Articles by David A. Nicholson in JoVE
A Lightweight, Headphones-based System for Manipulating Auditory Feedback in Songbirds Lukas A. Hoffmann1,2, Conor W. Kelly1,3, David A. Nicholson1,2, Samuel J. Sober1 1Department of Biology, Emory University, 2Neuroscience Graduate Program, Emory University, 3Program in Neuroscience and Behavioral Biology, Emory University We describe the design and assembly of miniaturized headphones suitable for replacing a songbird’s natural auditory feedback with a manipulated acoustic signal. Online sound processing hardware is used to manipulate song output, introduce real-time errors in auditory feedback via the headphones, and drive vocal motor learning.
Other articles by David A. Nicholson on PubMed
The Use of Minimal Preparation Computed Tomography for the Primary Investigation of Colon Cancer in Frail or Elderly Patients Clinical Radiology. May, 2002 | Pubmed ID: 12014937 To assess the place of computed tomography (CT) of the colon in frail or elderly patients with symptoms suggestive of colon cancer.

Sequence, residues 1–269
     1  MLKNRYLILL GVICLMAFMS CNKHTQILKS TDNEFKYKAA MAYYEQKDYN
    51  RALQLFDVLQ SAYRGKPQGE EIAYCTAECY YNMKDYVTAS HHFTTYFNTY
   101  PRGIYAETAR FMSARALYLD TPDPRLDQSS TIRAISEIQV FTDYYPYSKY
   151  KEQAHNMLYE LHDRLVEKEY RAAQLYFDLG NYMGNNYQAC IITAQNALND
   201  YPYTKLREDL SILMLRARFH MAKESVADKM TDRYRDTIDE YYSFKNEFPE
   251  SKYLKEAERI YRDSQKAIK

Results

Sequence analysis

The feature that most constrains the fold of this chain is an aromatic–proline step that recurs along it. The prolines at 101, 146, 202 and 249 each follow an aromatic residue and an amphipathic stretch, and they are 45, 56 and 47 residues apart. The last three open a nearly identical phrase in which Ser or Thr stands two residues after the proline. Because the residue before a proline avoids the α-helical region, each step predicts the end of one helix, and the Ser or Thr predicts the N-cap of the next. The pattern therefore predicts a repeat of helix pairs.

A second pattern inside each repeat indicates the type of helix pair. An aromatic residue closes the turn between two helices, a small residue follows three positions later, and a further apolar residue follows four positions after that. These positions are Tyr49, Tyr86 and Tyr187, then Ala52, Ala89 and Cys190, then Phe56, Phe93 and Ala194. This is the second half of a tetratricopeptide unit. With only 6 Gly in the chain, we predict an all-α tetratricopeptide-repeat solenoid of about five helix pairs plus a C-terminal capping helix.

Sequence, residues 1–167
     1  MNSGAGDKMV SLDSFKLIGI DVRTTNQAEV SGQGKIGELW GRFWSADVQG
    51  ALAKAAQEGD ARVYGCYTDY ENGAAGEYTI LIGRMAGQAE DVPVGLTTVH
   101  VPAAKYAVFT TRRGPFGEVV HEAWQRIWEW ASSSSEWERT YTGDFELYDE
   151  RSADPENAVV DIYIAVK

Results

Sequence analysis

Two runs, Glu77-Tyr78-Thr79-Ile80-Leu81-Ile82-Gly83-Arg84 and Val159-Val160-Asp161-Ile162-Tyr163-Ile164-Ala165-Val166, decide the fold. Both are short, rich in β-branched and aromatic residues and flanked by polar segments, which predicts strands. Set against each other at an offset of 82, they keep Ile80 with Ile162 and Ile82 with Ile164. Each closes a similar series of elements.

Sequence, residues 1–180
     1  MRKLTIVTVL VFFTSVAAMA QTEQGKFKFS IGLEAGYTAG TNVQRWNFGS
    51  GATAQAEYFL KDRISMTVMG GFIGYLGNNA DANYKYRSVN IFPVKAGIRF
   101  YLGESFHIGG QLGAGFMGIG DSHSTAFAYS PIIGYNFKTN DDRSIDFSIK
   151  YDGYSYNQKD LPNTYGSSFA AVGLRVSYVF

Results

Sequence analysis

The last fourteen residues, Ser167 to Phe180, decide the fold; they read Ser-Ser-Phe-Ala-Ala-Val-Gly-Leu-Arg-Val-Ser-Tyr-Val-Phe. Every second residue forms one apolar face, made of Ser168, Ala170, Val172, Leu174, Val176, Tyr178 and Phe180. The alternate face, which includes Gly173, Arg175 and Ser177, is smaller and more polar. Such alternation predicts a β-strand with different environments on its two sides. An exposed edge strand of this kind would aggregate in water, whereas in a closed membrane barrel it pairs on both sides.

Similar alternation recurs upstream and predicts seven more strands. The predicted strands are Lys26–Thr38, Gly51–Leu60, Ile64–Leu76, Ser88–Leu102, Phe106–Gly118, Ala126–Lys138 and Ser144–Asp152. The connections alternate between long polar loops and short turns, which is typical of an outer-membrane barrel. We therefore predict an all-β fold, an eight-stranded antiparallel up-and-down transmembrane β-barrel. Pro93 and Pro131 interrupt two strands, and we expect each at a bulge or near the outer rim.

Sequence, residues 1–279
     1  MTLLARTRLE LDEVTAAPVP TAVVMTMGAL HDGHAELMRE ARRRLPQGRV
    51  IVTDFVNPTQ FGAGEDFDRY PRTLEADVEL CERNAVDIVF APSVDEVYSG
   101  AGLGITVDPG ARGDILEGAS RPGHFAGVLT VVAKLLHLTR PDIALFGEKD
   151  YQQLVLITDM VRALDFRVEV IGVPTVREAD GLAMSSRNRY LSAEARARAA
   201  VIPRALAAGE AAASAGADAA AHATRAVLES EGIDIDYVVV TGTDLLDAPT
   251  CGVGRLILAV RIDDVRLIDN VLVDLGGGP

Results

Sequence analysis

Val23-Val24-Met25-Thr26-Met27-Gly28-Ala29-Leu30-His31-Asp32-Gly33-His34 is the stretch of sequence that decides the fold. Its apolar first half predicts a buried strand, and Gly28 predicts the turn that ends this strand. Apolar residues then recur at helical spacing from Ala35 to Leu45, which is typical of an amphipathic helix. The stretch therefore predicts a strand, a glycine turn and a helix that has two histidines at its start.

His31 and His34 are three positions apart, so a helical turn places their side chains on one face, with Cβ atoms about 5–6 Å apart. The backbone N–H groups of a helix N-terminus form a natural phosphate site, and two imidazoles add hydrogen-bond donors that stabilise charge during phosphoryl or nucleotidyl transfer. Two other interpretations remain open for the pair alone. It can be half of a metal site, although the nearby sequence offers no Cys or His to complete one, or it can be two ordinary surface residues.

Evaluating Oral Stimulation As a Treatment for Dysphagia After Stroke Dysphagia. Jan, 2006 | Pubmed ID: 16544087 Deglutitive aspiration is common after stroke and can have devastating consequences. While the application of oral sensory stimulation as a treatment for dysphagia remains controversial, data from our laboratory have suggested that it may increase corticobulbar excitability, which in previous work was correlated with swallowing recovery after stroke. Our study assessed the effects of oral stimulation at the faucial pillar on measures of swallowing and aspiration in patients with dysphagic stroke. Swallowing was assessed before and 60 min after 0.2-Hz electrical or sham stimulation in 16 stroke patients (12 male, mean age = 73 +/- 12 years). Swallowing measures included laryngeal closure (initiation and duration) and pharyngeal transit time, taken from digitally acquired videofluoroscopy. Aspiration severity was assessed using a validated penetration-aspiration scale. Preintervention, the initiation of laryngeal closure, was delayed in both groups, occurring 0.66 +/- 0.17 s after the bolus arrived at the hypopharynx. The larynx was closed for 0.79 +/- 0.07 s and pharyngeal transit time was 0.94 +/- 0.06 s. Baseline swallowing measures and aspiration severity were similar between groups (stimulation: 24.9 +/- 3.01; sham: 24.9 +/- 3.3, p = 0.2). Compared with baseline, no change was observed in the speed of laryngeal elevation, pharyngeal transit time, or aspiration severity within subjects or between groups for either active or sham stimulation. Our study found no evidence for functional change in swallow physiology after faucial pillar stimulation in dysphagic stroke. Therefore, with the parameters used in this study, oral stimulation does not offer an effective treatment for poststroke patients.